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Format: Kindle Edition Verified Purchase
This book is just the tip of the iceberg! You won't want to put the book down. Its story is frightening. The scariest part is that the stories are NOT fiction. Americans need to wake up to the tactics used by the "justice" department. If you think it couldn't happen to you, you are wrong. My husband & I actually lived through a nightmare similar to that of which this book describes. Everything mentioned in this book happened to us - bold face lies to judges, tampering with evidence, withholding of evidence, document dumps, intimidation - the list goes on. Two years of hell to have the charges dropped "due to evidentiary concerns." Time and time again, all across the country, federal prosecutors suffer no consequences for committing the same acts that would send the rest of us to prison. No repercussions to those who should be held to a higher standard.

The book is a great read!
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This story might have been sub-titled The Godfather IV, despite the probable copyright issues. In the 1974 Academy Award Winning movie The Godfather II, the US Senate is investigating the Corleone crime family. Michael Corleone (Al Pacino) and his family are the subject of a Senate committee probe. Frank Pentangeli (Michael Gazzo), a former member of the Corleone family, has taken the stand to spill the beans about the Corleone’s criminal empire. Just then he notices that his brother (from Sicily) is sitting in the gallery, next to the Don. The threat is obvious; if Pentangeli cooperates with the government, his brother is dead.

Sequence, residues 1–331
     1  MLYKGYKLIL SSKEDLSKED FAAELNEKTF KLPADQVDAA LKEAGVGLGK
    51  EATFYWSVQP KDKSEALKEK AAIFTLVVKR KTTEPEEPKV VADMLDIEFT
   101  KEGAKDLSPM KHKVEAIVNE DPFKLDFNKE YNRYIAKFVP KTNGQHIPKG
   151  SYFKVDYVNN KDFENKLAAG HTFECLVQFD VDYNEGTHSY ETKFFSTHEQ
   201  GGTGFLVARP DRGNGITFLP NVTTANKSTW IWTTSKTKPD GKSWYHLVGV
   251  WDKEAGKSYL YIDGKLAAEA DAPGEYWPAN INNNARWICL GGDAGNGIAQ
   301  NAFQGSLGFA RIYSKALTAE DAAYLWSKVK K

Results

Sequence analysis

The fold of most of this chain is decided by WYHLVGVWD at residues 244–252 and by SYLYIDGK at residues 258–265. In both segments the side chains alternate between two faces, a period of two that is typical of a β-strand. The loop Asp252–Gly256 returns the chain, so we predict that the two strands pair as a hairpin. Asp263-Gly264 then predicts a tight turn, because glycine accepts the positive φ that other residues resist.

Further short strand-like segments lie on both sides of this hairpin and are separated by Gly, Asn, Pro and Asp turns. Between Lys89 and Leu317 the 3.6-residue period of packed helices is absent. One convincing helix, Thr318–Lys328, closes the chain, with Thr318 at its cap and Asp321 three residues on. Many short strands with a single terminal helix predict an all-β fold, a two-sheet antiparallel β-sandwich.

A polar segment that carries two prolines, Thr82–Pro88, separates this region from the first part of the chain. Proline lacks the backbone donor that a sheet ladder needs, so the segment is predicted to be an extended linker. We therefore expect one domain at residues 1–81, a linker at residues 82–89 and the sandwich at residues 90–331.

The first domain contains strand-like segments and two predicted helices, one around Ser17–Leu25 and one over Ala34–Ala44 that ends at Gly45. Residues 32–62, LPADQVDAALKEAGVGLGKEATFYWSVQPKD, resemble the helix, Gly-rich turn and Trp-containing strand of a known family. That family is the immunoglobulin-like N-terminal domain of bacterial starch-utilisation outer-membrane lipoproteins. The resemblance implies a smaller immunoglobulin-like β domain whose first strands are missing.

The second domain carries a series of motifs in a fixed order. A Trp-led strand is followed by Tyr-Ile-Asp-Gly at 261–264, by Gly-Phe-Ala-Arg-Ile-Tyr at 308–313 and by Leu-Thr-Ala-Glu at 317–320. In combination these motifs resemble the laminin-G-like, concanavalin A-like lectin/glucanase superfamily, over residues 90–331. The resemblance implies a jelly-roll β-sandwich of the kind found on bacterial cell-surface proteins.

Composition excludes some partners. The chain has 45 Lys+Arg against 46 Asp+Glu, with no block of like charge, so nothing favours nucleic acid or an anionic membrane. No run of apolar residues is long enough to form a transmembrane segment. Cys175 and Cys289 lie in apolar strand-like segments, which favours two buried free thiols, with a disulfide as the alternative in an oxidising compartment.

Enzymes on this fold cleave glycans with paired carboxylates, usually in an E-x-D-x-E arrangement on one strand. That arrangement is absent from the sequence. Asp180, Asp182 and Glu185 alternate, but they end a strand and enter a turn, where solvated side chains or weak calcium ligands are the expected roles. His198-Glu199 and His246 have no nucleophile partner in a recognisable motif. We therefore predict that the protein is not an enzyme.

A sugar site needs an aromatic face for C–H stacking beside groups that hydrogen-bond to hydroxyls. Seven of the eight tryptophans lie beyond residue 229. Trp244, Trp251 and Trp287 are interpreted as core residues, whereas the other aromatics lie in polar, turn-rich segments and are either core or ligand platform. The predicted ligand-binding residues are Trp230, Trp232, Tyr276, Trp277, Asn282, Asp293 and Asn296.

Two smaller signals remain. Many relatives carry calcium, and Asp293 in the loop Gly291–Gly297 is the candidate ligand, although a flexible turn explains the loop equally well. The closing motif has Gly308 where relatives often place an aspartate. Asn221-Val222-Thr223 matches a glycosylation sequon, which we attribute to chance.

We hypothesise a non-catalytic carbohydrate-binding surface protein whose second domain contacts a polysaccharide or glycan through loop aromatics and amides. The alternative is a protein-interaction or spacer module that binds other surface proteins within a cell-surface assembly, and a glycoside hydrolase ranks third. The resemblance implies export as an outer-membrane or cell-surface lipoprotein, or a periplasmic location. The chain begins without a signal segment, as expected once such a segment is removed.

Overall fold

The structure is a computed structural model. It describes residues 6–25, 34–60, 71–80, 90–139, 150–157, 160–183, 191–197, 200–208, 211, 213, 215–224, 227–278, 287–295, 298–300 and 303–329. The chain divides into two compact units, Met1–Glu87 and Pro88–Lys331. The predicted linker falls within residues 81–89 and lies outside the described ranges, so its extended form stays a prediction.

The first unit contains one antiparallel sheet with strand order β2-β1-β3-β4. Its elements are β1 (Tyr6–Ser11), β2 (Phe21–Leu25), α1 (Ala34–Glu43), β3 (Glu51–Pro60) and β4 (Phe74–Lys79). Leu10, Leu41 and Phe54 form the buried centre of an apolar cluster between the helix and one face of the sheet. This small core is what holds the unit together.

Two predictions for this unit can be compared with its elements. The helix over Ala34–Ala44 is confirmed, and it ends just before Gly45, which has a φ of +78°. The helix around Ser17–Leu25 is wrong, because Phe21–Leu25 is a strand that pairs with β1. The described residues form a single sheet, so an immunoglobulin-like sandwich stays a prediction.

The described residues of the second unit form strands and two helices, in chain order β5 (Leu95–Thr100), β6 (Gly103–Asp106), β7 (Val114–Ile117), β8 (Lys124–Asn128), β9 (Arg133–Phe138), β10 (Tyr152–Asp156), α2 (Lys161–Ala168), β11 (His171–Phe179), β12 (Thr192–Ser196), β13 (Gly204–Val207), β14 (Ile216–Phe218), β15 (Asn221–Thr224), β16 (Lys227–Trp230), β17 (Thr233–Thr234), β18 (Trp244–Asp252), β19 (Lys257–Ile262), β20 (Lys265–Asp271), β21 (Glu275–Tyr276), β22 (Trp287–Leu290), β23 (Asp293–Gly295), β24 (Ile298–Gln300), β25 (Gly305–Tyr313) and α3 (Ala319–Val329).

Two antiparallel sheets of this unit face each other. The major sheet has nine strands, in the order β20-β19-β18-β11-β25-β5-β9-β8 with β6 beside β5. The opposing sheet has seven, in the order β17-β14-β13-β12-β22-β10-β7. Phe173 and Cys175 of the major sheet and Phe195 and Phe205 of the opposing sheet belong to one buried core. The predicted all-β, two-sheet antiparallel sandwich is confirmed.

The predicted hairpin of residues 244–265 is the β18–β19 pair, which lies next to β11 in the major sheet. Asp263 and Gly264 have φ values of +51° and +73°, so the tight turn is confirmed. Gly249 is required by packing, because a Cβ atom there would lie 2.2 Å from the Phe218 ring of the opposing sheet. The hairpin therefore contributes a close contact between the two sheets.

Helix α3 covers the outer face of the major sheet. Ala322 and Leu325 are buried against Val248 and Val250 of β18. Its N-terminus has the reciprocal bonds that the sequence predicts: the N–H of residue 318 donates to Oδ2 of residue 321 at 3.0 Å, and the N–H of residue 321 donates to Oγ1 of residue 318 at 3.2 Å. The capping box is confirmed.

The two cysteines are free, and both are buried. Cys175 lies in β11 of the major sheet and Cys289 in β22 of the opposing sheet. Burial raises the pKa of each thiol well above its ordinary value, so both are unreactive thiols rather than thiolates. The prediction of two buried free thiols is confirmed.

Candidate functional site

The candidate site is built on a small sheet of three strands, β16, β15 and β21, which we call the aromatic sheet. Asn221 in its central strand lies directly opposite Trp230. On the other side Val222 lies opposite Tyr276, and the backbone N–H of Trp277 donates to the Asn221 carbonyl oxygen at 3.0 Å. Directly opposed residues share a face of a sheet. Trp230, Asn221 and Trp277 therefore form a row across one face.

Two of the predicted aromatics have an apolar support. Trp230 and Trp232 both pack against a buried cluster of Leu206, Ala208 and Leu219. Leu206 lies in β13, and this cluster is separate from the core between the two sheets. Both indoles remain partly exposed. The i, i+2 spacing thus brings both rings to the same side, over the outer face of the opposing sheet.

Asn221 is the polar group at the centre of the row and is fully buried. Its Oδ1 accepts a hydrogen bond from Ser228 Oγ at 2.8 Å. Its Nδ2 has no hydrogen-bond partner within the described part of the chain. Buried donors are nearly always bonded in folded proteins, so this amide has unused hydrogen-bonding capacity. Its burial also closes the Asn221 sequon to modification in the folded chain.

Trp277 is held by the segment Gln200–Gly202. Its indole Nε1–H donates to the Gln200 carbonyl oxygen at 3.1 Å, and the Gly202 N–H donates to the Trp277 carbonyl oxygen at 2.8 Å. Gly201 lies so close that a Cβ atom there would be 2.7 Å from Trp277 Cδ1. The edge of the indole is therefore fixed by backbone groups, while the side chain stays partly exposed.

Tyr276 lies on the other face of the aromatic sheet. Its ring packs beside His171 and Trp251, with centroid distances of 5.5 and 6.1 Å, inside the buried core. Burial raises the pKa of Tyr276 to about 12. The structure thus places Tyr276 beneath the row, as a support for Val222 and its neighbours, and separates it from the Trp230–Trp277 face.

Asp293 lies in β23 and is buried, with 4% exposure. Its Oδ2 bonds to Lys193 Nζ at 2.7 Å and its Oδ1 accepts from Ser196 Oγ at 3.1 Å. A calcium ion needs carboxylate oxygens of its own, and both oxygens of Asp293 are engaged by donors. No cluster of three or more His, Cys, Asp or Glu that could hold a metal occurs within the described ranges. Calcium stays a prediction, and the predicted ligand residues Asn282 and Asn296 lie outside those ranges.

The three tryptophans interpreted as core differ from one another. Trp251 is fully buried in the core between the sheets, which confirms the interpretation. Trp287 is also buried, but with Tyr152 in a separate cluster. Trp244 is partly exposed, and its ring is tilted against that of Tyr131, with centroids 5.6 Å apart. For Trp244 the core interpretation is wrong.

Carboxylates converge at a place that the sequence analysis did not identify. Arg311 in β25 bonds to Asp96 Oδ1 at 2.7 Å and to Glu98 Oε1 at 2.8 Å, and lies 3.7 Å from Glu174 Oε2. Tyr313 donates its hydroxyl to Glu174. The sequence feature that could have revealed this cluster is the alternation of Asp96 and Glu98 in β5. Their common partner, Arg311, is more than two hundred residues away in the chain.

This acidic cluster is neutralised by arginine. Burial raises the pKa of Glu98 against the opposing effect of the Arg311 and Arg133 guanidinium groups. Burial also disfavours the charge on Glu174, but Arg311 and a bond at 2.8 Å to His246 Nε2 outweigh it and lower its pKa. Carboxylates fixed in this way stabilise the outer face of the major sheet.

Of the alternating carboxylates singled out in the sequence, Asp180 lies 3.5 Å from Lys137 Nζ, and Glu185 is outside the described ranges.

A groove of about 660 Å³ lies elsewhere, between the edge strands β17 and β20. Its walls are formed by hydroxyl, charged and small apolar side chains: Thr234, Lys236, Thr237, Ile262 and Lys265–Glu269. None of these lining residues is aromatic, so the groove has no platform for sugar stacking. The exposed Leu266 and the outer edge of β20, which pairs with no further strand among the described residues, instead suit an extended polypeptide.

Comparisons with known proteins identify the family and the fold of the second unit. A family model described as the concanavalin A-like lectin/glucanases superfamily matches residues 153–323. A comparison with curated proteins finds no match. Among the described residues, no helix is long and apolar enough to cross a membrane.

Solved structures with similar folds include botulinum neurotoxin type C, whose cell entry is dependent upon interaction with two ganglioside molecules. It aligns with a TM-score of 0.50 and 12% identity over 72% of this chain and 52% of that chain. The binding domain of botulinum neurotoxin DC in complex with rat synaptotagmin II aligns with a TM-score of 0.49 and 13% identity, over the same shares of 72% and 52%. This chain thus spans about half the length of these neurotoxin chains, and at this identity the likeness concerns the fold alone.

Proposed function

Fast forward to the early 2000’s after the bankruptcy of Enron and the Department of Injustice (I refuse to use the term “Justice” until they clean up their act) is prosecuting Arthur Andersen, one Andersen partner, and executives of Merrill Lynch, NatWest and of course Enron (in what I refer to as The Godfather Part IV). In the latest Godfather episode, the US Department of Injustice (DOI) is prosecuting former executives over the course of almost a decade in the Southern District of Texas, Houston, rather than before a US a Senate committee. And the DOI borrows a trick or two from Michael Corleone.

Of course one might ask how any of these defendants could possibly get a fair trial in a town as collectively pissed off as Houston? But fair trials were not a priority for the DOI or the Houston federal court system.

The DOI didn’t bring any long lost brothers to the courtroom. But their threat was nearly as terrifying—a federal indictment.